Dearborn

5 takeaways about public-private partnerships in Dearborn

More than 50 people joined along for the International Council of Shopping Centers East Michigan P3 Program tour Oct. 5 that featured several key buildings, businesses, and eateries in West Dearborn.

 

The tour focused on what public and private partnerships look like in the city. Examples include Ford Land’s transformation of the two blocks at Michigan Avenue and Monroe Street for public and private use including retail, restaurants, office and outdoor spaces.

 

The tour illustrated how public and private partnerships turn projects from plans into realities and who the players are transforming Dearborn.

 

Here’s a look at five takeaways from some of the stops on the tour.
 

1. West Village Commons shows that Dearborn can weather the storm

 

Barry Murray, Dearborn’s economic and community development director, told the group how buildings like West Village Commons can be steeped in history and still relevant today.

 

It’s part of “the superblock,” says Murray, referring to a multimillion dollar project from the 90s. It was built to have parking, areas for events, public gathering spaces and made to be shopping epicenter.

 

The superblock survived the 2008 crash where a 38 percent business vacancy followed in downtown West Dearborn. Now, 42 units for residential housing are being constructed and fulfilling a need in the city to bring in next generation, according to Downtown Dearborn Director Cristina Sheppard-Decius.

 

2. Common Grace Coffee finds success rooted in community.

 

The West Dearborn coffee shop is one of 28 new businesses to open in downtown Dearborn since 2015. Owner Dale Tremblay Dulong wanted to be a place where everyone can gather, he says, and a business aimed not at certain people but bringing people together.

 

“We wanted to create a space where coffee was being sourced ethically but also bringing together diverse groups of people. What drives us is creating a space to get a good product to you in a good way,” he says.

 

Tremblay Dulong started roasting beans in his house and serving at the local farmers market. He moved to selling online after that and eventually used a crowdfunding site to open his West Dearborn location.

 

3. Brome Modern Eatery is expanding to Detroit

 

Zane Makky, the executive chef at Brome Modern Eatery, was born and raised in Dearborn and says he wanted to “elevate the culinary vibe" in the city.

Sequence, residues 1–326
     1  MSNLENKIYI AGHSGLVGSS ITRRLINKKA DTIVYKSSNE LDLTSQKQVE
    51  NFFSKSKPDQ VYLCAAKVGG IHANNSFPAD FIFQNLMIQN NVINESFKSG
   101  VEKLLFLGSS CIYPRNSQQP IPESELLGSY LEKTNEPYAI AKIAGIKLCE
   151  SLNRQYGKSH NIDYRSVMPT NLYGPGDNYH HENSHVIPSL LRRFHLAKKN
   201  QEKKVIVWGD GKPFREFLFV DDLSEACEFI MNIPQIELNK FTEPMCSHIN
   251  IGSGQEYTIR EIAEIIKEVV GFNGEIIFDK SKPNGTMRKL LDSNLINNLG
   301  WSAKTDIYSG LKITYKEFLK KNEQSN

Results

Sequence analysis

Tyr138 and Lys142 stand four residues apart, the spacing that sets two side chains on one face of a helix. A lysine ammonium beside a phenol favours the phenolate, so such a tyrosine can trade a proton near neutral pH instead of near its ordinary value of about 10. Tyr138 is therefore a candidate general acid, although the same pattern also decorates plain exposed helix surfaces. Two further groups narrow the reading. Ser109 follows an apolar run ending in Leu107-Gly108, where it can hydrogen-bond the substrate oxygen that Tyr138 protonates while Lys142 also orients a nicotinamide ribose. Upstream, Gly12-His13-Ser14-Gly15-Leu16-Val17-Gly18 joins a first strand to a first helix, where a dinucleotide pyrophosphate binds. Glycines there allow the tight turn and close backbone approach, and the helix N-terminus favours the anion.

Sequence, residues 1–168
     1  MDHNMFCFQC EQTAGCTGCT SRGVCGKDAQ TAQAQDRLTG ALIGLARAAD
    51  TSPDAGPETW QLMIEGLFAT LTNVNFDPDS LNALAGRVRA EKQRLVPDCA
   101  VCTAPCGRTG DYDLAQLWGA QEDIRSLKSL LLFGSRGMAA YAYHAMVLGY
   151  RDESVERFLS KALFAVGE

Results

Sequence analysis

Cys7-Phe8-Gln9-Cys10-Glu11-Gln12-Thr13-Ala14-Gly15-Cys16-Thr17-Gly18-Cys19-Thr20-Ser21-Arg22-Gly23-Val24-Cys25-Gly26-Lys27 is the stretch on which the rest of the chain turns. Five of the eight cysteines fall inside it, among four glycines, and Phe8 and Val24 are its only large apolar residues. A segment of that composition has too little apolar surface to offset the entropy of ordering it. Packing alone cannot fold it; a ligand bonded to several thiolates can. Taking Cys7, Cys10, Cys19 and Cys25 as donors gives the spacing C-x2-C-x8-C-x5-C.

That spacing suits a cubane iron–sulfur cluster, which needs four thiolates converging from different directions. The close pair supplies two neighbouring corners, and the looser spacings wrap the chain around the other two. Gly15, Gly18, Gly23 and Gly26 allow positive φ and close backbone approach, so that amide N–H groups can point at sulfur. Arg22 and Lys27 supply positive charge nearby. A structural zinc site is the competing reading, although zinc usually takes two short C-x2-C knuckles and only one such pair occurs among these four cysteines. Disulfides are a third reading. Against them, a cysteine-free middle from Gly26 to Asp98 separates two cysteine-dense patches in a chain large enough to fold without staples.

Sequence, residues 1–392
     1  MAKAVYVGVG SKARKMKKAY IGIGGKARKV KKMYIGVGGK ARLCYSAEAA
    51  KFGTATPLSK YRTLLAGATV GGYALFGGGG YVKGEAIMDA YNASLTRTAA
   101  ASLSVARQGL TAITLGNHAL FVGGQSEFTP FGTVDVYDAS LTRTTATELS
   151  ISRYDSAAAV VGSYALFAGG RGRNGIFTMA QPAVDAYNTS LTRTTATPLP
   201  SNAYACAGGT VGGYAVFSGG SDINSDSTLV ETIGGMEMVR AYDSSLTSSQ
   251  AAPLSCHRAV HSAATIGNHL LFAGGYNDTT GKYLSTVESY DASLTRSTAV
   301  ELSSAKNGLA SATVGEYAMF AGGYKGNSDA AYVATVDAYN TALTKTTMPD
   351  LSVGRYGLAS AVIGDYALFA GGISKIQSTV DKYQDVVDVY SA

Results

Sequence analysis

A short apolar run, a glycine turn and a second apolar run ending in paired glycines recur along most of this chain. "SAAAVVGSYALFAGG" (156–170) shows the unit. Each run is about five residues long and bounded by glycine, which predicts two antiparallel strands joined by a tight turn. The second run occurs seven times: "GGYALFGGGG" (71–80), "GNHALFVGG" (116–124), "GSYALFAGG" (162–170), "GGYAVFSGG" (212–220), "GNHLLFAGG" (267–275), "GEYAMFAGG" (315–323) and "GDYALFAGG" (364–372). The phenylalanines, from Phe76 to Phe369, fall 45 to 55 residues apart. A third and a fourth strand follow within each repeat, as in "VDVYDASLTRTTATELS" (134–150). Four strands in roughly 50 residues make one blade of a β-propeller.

Along with owner Sam Abbas, also a Dearborn native, they’ve taken a simple concept of burgers and focused on customer service, organic and fresh items and a memorable ambiance, Makky says.

 

With all its success in West Dearborn, Brome Modern Eatery is expanding to the financial district in Detroit, with another location being planned at Shelby and Congress streets.

 

Their ambitious plan is to open another 10 stores in the next five years.

 

4. Mint 29 was an accidental concept

 

Among the new establishments opening since the the 2015 surge is Mint 29, a two-floor upscale dining locale with an outdoor patio space and seafood and steak on the menu.

 

General Manager Kamal Salame says the space used to be Dearborn Music and when they removed the drop ceiling in the former store they uncovered embedded coins in the walls. It took four months to reclaim them.

 

The building was built in 1929 as State Bank and used to make mint coins.

 

“We changed our whole concept of the restaurant to keep the history alive,” Salame says.

 

You can find the coins, with images of bells, ships and Native American chiefs, on the second floor of the restaurant.

 

5. Dearborn Brewing is proof you can turn a hobby into a career

 

Another entrepreneur that opened up shop in 2015, Dearborn Brewing owner John Rucinski translated his love of beer into a business.

 

“I love beer. I love making it,” he says.

 

Rucinski got started in his kitchen, moving to the garage and eventually to a storefront on Michigan Avenue.

 

“Every brewer goes through a phase where they think it would be cool to open a brewery,” Rucinski says. “I got tired of waiting for someone else to open one in Dearborn, so I did it myself.”

 

The company is now focused on distribution.

 

Read more articles by Jessica Strachan.

Jessica Strachan is an award-winning journalist and Metromode's project editor for On The Ground Dearborn. Follow her on Twitter @JStrachanNews.
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